John Tomase

Bloom's Red Sox tenure marred by one unforgivable offense, so now he's gone

"The last straw for ownership may have come earlier this month."

NBC Universal, Inc.

Chaim Bloom's greatest sin as Red Sox chief baseball officer had little to do with the quality of his farm system, the rigorousness of his processes, or even the product he put on the field.

It was turning buzz into zzzzzzzzz.

The transformation started long before his arrival, to be fair, but it accelerated on his watch as the club that once dominated the news cycle transitioned to afterthought and then irrelevance.

The last straw for ownership may have come earlier this month, when former MVP Mookie Betts returned to Boston and received a hero's welcome not just from appreciative Red Sox fans, but the sea of Dodger Blue crashing over Fenway Park like endless breakers on the Cape. The Alex Cora Travel Agency tried to sell the invasion as Dodgers fans making the cross-country pilgrimage to experience the majesty and splendor of America's most beloved ballpark, but he knew as well as we that transplants simply gobbled up the tickets the locals didn't want.

If that sight didn't make the point clearly enough, then surely John Henry and Co. noticed not only the empty seats for what should've been a signature September showdown with the Yankees, but also the fact that tickets were going for as low as a dollar on the secondary market. In some cases, resellers just gave them away for free.

Bloom sold ownership on his long-term vision of building a contender from within that could compete annually, but at some point, today has to matter too. A ticking clock accompanies all rebuilds, but especially those undertaken in Boston. Today's limitless patience is tomorrow's e-mail announcing you've been relieved of your duties between games of a doubleheader, and Bloom failed to recognize that results needed to accompany his cringey proclamations that what the Red Sox planned to do would be awesome.

And so he is gone, the farm system in much better shape than he found it, but the big-league roster unmoored and adrift. He oversaw the departures of linchpins like Betts, Xander Bogaerts, Nathan Eovaldi, and J.D. Martinez, and he replaced them with . . . Kiké Hernández, whose idea of a cute, relatable story while being forcefed to the fans as the new face of the franchise was recounting the time he soiled himself in uniform. In every possible meaning of the word, gross.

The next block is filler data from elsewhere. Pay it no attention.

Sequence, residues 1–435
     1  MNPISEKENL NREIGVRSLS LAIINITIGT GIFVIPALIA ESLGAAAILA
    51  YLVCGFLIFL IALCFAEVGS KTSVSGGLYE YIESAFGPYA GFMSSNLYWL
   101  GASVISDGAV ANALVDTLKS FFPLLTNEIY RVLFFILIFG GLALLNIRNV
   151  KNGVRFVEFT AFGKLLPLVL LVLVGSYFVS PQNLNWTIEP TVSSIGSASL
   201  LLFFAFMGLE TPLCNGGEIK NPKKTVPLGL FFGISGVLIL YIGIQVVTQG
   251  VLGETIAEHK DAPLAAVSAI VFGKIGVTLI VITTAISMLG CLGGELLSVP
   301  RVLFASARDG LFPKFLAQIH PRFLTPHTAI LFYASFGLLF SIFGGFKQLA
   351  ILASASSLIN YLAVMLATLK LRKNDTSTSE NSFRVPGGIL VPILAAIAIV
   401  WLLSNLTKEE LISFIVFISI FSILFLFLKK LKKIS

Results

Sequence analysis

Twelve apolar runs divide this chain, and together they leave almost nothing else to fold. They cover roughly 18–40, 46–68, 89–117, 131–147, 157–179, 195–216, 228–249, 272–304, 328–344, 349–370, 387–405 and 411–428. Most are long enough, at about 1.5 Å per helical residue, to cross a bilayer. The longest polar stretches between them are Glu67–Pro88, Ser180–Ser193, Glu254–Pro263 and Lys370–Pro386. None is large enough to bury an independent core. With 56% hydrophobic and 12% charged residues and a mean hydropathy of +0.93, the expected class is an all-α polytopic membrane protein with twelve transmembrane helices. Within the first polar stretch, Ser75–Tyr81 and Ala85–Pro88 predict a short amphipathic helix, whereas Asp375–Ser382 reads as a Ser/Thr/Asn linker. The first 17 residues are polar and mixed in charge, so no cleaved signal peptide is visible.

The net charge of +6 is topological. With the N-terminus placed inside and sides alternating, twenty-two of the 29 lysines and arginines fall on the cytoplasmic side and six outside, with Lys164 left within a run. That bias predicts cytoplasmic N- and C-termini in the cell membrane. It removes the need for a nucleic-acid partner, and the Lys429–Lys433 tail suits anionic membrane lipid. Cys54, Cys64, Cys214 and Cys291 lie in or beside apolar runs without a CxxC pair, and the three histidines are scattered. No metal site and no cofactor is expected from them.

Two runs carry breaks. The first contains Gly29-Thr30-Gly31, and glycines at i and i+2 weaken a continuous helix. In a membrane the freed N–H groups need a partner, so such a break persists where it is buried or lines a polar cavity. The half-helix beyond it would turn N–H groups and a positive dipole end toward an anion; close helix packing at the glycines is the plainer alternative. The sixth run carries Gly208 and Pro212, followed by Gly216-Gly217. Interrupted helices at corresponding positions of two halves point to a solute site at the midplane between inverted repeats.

Bloom believed that fans would embrace a winner and that nothing else mattered, but that's not how it works in Boston. Theo Epstein and Larry Lucchino routinely clashed over this concept, with Lucchino pushing for stars, and Epstein preferring to build from within. But wanting to remain homegrown never stopped Epstein from swinging big for the likes of Curt Schilling, Carl Crawford, and Adrian Gonzalez. Some splashes hit and others didn't, but the Red Sox were always relevant.

By contrast, the Red Sox under Bloom lacked direction. It is my understanding that ownership's doubts accelerated around the trade deadline, when Bloom appeared to be close on multiple deals that would've shipped out veterans like James Paxton and possibly even Justin Turner, with ownership's blessing, but instead did nothing. Following 2022's disastrous deadline two-step that left him standing in place, Bloom created doubts over his ability to close a deal that reached the top. His exit was only a matter of time.

So now the Red Sox begin the search anew. This has become an every-four-years rite for them, a fact which has undoubtedly caught the attention of every potential candidate in baseball. Coupled with Epstein's acrimonious departure, it's fair to say the Red Sox aren't viewed as a model of stability.

That said, they'll hopefully interview more than one candidate this time around, and they may even hit a home run, like they did with Epstein, Ben Cherington, and Dave Dombrowski. Each won World Series titles, but they also recognized what made the Red Sox relevant, and it wasn't their farm system rankings.

They put winners on the field, butts in the seats, numbers on NESN, and jerseys on the backs of their fans with names like Martinez, Ortiz, Pedroia, Beckett, Bogaerts, and Betts. They didn't tell us their string of last-place finishes would be awesome in the face of all countervailing evidence, they didn't get booed at their own fan festival, and they sure as hell didn't turn Fenway into an opposing paradise.

Bloom did all of those things, and that's why it's not his job anymore.

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